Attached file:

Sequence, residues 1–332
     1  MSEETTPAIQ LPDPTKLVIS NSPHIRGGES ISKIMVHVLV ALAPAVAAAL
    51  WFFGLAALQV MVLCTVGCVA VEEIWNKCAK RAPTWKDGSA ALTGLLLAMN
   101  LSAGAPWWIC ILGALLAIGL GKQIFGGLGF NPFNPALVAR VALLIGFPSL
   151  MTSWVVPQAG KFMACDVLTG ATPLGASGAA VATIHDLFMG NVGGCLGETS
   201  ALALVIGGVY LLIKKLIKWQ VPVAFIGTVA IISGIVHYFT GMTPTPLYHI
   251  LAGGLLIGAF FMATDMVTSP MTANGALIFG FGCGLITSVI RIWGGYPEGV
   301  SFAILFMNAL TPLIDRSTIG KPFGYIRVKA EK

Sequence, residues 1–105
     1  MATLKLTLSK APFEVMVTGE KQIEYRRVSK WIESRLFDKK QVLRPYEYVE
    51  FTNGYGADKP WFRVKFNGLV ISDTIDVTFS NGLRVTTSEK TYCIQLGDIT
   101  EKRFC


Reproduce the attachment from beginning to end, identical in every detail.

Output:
Sequence, residues 1–332
     1  MSEETTPAIQ LPDPTKLVIS NSPHIRGGES ISKIMVHVLV ALAPAVAAAL
    51  WFFGLAALQV MVLCTVGCVA VEEIWNKCAK RAPTWKDGSA ALTGLLLAMN
   101  LSAGAPWWIC ILGALLAIGL GKQIFGGLGF NPFNPALVAR VALLIGFPSL
   151  MTSWVVPQAG KFMACDVLTG ATPLGASGAA VATIHDLFMG NVGGCLGETS
   201  ALALVIGGVY LLIKKLIKWQ VPVAFIGTVA IISGIVHYFT GMTPTPLYHI
   251  LAGGLLIGAF FMATDMVTSP MTANGALIFG FGCGLITSVI RIWGGYPEGV
   301  SFAILFMNAL TPLIDRSTIG KPFGYIRVKA EK

Sequence, residues 1–105
     1  MATLKLTLSK APFEVMVTGE KQIEYRRVSK WIESRLFDKK QVLRPYEYVE
    51  FTNGYGADKP WFRVKFNGLV ISDTIDVTFS NGLRVTTSEK TYCIQLGDIT
   101  EKRFC